Motorway Service Areas and Autism
Motorway service areas can be very busy places that can be a sensory overload for some people on the autistic spectrum.
The industry doesn't really have a response to this, except to recommend travelling at quieter times. Motorway service areas are busiest on the weekends, especially Sunday evenings, and around Bank Holidays. They are quietest at night, and in the mornings.
A purpose-built sensory room opened at Strensham southbound (M5) in October 2022, with access available from the Duty Manager. Strictly speaking, the English motorway network has three other designated places of safety for people with autism, dementia and learning disabilities: according to National Highways, those are the Tibshelf northbound hotel (M1), the Lancaster southbound multi-faith room (M6), and the Blackburn with Darwen meeting room (M65). In practice, finding those is likely to be more effort than it's worth.
The rest of this page discusses the more positive relationship between motorway service areas and autism.
Neurodiversity and Niches
Taking a keen interest in a niche subject is a well-known trait that is closely associated with the autistic spectrum. This is because autistic people tend to derive great pleasure from things they find interesting, and autistic people can be very good at identifying minor differences that neurotypical people may not notice.
Transport is a common topic of interest, with one reason being that transport is generally very organised. On the motorway network, motorways are all numbered according to a system, motorway junctions are all numbered in an order, and motorway service areas are placed at regular intervals according to a policy. All this organisation can be both comforting and interesting, which then leads to plenty of discussion about the system.
Most importantly, motorways very rarely change, so you can memorise a motorway journey and be assured that the key features will remain the same every single time you make it. The junctions and service stations will be exactly where the map told you they are. This is important if you find comfort in repetition and stability, and it's something you don't get when, say, following a football team.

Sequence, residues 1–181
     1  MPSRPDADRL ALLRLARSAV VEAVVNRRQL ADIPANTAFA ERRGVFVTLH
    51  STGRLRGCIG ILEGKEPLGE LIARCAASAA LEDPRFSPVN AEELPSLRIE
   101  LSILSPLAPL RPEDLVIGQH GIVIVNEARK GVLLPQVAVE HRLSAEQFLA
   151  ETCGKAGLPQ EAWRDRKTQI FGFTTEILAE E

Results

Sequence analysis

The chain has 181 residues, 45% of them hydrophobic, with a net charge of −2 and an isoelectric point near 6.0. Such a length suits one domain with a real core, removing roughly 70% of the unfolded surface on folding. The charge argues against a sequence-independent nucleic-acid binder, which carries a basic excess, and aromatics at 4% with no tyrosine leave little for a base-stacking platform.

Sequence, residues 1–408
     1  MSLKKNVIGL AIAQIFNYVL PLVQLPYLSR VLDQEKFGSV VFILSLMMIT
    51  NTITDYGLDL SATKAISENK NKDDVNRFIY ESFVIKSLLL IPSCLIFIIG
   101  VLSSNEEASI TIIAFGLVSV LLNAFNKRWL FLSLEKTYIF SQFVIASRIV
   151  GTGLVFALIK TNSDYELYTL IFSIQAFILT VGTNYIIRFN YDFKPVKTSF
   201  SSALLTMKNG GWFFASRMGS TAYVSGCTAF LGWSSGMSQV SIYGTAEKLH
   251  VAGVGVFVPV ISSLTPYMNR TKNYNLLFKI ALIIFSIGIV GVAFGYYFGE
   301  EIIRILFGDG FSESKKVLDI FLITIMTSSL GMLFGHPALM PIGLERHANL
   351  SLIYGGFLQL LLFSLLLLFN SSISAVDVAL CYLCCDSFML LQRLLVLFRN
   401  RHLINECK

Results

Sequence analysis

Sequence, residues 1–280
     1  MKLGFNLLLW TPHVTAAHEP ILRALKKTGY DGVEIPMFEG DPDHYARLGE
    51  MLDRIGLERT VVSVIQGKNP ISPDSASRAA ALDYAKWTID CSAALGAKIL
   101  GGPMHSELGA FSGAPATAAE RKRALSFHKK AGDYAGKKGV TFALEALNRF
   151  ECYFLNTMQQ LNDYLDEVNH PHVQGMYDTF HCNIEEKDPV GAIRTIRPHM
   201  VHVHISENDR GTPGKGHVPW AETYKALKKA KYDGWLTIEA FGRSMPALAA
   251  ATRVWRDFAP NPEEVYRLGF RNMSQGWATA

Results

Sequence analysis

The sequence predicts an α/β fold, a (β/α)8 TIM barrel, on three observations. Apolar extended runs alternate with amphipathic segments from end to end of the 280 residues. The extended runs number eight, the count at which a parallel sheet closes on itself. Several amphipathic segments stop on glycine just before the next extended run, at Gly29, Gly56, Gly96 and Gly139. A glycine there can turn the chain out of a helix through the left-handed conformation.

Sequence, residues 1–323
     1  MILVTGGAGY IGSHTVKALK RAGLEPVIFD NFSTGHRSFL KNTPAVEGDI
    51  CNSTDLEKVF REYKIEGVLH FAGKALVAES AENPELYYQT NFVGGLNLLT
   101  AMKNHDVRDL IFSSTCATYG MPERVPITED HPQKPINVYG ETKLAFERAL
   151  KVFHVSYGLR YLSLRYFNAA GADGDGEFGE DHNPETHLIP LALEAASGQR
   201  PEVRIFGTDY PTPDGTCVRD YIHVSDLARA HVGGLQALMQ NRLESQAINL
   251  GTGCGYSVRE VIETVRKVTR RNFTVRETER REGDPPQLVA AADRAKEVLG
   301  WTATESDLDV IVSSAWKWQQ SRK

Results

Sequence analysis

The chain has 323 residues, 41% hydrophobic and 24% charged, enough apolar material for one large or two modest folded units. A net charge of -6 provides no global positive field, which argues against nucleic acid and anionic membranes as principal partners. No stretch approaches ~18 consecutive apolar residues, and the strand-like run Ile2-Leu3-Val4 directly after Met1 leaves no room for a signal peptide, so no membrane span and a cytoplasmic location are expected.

Motorway service stations cover all of the above points, plus they are very easy to categorise and compare: they are either at a junction or they aren't; they either have a bridge or they don't; they are usually managed by one of three companies; they usually have either a Costa or a Starbucks, and either a McDonald's or a Burger King. These small differences may appeal to people who enjoy identifying the patterns and working out why the differences and exceptions are there.
Compared with other niche hobbies, motorway service areas are spread out enough that it's easy to remember which ones you have been to, if you enjoy keeping track of places. There are almost 100 motorway service areas in the UK, so learning about them all is a lot easier than, say, learning about every professional football player.
Many people, especially those who don't drive, only use motorways when they are going somewhere exciting, so for them a service station is a happy memory. If you're blessed with a detailed memory, you want the places you remember to be happy ones. The service stations you haven't been to are just mysterious icons on a map.